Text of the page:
SALT LAKE CITY (AP) — Thirty water agencies that supply cities across the western United States are pledging to rip up lots of decorative grass to conserve water in the over-tapped Colorado River. Water agencies in Southern California, Phoenix and Las Vegas were among those that signed an agreement Tuesday that outlines broad commitments to reduce water use. The grass-removal commitment centers on turf that people don’t walk on and generally not grass in backyards or parks. Cities use about one-fifth of the region’s Colorado River water, and some have already begun paying businesses and home owners to voluntarily replace grass with drought-resistance landscaping.

Russian strikes force Ukraine to face hours-long power cuts

KYIV, Ukraine (AP) — Ukraine’s electricity grid chief is warning of hours-long power outages as Russia zeroed in on Ukraine’s energy infrastructure with renewed artillery and missile attacks. Power supplies have been interrupted to as much as 40% of the population. The Grid operator said Friday that outages could last for several hours with freezing temperatures putting additional pressure on energy networks. Moscow’s attacks on Ukraine’s energy and power facilities have left millions without heat and electricity. Russian forces employed drones, rockets, heavy artillery and warplanes in renewed attacks, killing at least six people. The mayor of Kyiv warned that Ukrainians were only getting more determined to defeat Russian forces after losing heat, power and water in freezing weather.

Barbados spearheads push on climate disaster financing

SHARM EL-SHEIKH, Egypt (AP) — As climate-amped disasters ratchet up the suffering, the staid international finance system designed for an earlier age may be on the brink of change, driven by those on the front lines. The prime minister of Barbados, Mia Mottley is leading a charge of developing nations at the COP27 climate conference in Egypt. The countries say they have had enough of high interest rates and borrowing obstacles as they struggle to pay for increasingly frequent and expensive climate disasters.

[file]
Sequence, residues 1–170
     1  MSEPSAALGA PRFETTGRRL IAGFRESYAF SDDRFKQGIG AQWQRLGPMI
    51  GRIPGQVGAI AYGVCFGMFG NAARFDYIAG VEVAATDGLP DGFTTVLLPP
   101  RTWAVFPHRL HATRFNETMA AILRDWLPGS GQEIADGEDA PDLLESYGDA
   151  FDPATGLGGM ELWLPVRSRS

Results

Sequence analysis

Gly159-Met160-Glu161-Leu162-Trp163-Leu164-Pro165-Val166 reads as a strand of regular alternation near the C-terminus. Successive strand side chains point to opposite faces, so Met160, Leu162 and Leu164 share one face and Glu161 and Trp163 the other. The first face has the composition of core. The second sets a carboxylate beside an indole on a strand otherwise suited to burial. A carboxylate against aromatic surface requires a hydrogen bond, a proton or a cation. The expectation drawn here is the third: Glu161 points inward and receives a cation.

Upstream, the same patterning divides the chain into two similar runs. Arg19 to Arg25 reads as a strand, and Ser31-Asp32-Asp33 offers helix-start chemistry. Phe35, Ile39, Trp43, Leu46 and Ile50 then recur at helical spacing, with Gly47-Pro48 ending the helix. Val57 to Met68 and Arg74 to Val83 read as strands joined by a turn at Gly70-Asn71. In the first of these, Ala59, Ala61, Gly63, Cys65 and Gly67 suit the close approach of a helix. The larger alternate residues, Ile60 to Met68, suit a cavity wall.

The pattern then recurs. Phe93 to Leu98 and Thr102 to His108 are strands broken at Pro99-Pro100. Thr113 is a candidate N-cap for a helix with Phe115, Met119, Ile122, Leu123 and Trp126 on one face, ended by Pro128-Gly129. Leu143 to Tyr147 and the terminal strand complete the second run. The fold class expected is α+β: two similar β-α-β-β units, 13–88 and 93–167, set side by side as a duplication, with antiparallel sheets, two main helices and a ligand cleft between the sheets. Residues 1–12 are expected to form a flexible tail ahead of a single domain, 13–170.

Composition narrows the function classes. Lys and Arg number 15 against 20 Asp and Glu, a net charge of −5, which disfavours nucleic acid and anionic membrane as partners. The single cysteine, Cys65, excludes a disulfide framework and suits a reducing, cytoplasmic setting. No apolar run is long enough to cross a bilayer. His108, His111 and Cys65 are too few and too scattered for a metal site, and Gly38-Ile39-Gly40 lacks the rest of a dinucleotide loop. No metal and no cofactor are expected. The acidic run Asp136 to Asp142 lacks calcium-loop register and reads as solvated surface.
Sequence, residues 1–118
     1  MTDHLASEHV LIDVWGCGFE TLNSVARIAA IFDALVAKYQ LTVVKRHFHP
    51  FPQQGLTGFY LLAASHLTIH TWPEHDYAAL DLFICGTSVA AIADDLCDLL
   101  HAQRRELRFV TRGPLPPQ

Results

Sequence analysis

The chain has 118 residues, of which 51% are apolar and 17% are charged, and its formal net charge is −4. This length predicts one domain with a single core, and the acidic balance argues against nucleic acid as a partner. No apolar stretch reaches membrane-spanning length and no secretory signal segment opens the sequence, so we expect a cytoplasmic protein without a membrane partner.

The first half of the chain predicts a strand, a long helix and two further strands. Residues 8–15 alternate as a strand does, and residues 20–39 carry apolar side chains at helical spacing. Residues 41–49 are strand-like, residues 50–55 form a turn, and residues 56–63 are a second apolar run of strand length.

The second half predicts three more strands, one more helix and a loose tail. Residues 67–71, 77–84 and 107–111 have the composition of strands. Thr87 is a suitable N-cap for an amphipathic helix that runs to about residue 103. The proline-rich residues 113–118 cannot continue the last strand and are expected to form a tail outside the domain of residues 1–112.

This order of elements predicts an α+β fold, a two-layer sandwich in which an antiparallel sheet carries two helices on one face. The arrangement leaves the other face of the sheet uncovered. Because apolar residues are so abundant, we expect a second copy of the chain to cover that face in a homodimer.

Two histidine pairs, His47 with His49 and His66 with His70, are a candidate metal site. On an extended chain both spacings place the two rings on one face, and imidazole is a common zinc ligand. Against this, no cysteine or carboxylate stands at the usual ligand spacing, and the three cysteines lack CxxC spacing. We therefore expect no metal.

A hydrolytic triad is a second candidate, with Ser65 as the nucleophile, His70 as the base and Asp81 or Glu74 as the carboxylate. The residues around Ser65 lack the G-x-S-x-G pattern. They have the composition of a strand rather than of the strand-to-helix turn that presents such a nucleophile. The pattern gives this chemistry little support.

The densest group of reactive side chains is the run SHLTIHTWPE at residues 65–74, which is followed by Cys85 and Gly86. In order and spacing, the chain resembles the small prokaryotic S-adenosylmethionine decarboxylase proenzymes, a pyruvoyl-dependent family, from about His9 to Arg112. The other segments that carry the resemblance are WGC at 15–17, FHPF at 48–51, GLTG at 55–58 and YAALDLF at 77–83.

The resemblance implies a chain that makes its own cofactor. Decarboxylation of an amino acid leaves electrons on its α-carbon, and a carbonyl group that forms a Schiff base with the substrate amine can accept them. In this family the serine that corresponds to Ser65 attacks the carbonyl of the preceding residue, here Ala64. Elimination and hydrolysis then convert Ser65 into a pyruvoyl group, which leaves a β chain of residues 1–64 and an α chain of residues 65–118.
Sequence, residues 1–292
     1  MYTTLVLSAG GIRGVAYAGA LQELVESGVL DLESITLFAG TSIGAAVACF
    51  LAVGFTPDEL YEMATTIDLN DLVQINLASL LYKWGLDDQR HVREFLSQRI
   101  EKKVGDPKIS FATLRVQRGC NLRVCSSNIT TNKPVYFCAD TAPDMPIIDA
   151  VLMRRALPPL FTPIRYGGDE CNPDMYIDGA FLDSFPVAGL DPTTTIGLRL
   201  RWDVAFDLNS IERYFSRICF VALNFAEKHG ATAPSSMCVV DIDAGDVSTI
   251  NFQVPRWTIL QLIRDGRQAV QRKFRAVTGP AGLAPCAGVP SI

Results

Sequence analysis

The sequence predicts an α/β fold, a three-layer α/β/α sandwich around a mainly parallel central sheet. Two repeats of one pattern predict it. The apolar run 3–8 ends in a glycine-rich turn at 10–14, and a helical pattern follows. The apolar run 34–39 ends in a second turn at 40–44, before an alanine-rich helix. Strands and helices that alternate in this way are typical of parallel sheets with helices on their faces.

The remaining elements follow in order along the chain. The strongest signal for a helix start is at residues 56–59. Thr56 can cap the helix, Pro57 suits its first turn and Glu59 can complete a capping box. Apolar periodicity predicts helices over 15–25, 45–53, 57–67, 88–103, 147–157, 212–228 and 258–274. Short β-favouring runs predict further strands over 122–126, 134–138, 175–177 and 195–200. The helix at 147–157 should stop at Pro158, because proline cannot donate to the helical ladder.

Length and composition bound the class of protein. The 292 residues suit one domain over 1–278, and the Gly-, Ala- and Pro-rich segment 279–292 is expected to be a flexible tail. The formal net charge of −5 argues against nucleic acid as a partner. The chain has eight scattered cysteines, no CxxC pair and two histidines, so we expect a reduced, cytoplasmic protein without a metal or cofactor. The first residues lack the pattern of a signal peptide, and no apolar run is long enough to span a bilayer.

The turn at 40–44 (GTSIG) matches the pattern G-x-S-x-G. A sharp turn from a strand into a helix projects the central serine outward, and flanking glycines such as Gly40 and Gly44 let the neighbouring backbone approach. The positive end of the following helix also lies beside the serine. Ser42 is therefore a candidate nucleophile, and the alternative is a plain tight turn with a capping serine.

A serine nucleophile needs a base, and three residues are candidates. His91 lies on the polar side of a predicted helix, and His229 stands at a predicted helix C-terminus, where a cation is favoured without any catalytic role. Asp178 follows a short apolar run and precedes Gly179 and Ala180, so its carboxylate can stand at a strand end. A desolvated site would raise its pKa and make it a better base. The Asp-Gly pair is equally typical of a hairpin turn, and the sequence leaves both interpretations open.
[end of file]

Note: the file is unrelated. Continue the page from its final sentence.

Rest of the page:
New measures for size, as world’s people surpass 8 billion

PARIS (AP) — What is bigger: A ronna or a quetta? Scientists meeting outside Paris on Friday who have increased the world’s measuring unit systems for the first time this century have the answer. It’s a quetta, which has 30 zeroes after the figure 1. Rapid scientific advances and vast worldwide data storage on the web, in smartphones and in the cloud mean that the terms used to measure things in weight and size needed updating. A British scientist led the push Friday to incorporate bold new, tongue-twisting prefixes — on the gigantic and even the minuscule scale. Four new prefixes were passed by 64 nations attending the General Conference on Weights and Measures.

Biden’s economic team losing adviser Rouse after midterms

WASHINGTON (AP) — A key member of President Joe Biden’s economic team is leaving his administration. A White House official says labor economist Cecilia Rouse will leave in the spring. Rouse was the first Black woman to serve as chair of the Council of Economic Advisers. Rouse has been on academic leave from Princeton University and plans to return there. The pending departure is the first to be disclosed since the midterm elections as the Democratic president’s term reaches its halfway point, often a time of transition for any presidential administration. The official was not authorized to publicly discuss personnel changes and spoke Friday on the condition of anonymity.